If doctors make a conscientious objection to perform cosmetic surgery for artistic, whimsical or political reasons on the sole ground that such interventions do not match the traditional goals of cosmetic surgery, they impose their own idea of what medicine is supposed to achieve. Moreover, they do not take into sufficient account the patient's autonomy by disregarding their assessment of what constitutes a beneficial treatment to them.
The benefits of the surgery do not seem to outweigh the risks
A doctor may refuse to perform cosmetic surgery requested for artistic, whimsical and political reasons because cosmetic surgery, just like any other surgery, involves some risks; hence, it would be an unreasonable choice for the patient who would not use it to enhance a physical feature.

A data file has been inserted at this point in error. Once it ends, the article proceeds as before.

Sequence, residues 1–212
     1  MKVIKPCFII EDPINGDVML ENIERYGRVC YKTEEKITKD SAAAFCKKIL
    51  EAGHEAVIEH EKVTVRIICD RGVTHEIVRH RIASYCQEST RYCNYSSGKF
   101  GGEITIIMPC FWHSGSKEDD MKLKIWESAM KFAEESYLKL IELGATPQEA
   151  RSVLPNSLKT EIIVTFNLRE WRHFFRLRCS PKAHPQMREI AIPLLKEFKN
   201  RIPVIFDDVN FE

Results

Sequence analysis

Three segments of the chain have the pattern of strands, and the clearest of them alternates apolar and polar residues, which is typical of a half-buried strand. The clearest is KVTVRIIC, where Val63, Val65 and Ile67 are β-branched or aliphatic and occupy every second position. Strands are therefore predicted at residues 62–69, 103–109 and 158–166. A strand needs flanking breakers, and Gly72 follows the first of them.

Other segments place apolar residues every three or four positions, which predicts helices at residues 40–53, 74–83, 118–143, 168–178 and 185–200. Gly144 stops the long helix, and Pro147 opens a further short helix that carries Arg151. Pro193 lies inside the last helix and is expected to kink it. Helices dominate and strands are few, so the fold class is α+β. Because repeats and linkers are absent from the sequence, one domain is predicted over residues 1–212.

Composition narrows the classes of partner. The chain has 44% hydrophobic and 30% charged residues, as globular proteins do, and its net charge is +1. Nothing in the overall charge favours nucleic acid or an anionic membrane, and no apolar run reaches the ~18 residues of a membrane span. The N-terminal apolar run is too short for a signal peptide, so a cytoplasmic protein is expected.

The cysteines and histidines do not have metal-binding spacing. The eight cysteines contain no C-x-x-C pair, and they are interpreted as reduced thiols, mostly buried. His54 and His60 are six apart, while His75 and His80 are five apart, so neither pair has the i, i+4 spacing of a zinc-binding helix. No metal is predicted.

In this case, it would look like the surgeons are grounding their conscientious objection in a medical evaluation: doctors usually help their patients to make decisions by taking into account statistics about the success rate of a certain treatment and weighing them against the benefits and risks involved. However, if doctors refuse to perform the treatment because they believe that, no matter how low the risk involved, it is never worth performing a surgical intervention that (in their view) does not enhance appearance and/or does not increase well-being, then their objection to perform the treatment is not grounded in purely medical reasons, but is instead grounded in their personal values. Although on the surface it looks like the doctor is performing a value-free assessment of the pros and cons of the surgery, if we take a closer look, it is clear that this is not, in fact, the case. The doctor cannot assess the positive value that the surgery might add to the life of the patient, because this is an assessment that only the patient can make (after weighing the risks and benefits). It may be that the whole life of an artist like Stelarc revolves around his artistic performances, and that preventing him from obtaining surgeries aimed at turning him into a piece of art is deeply damaging to his career.